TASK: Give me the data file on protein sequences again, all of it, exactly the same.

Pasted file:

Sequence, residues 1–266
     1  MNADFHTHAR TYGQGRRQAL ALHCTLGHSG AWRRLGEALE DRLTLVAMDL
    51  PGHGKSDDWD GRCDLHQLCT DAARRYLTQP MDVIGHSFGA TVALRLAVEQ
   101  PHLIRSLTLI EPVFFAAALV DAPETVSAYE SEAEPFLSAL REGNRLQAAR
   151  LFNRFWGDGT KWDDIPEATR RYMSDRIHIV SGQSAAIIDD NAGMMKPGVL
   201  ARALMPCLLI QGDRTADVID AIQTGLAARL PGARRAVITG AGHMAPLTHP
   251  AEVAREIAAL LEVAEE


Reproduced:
Sequence, residues 1–266
     1  MNADFHTHAR TYGQGRRQAL ALHCTLGHSG AWRRLGEALE DRLTLVAMDL
    51  PGHGKSDDWD GRCDLHQLCT DAARRYLTQP MDVIGHSFGA TVALRLAVEQ
   101  PHLIRSLTLI EPVFFAAALV DAPETVSAYE SEAEPFLSAL REGNRLQAAR
   151  LFNRFWGDGT KWDDIPEATR RYMSDRIHIV SGQSAAIIDD NAGMMKPGVL
   201  ARALMPCLLI QGDRTADVID AIQTGLAARL PGARRAVITG AGHMAPLTHP
   251  AEVAREIAAL LEVAEE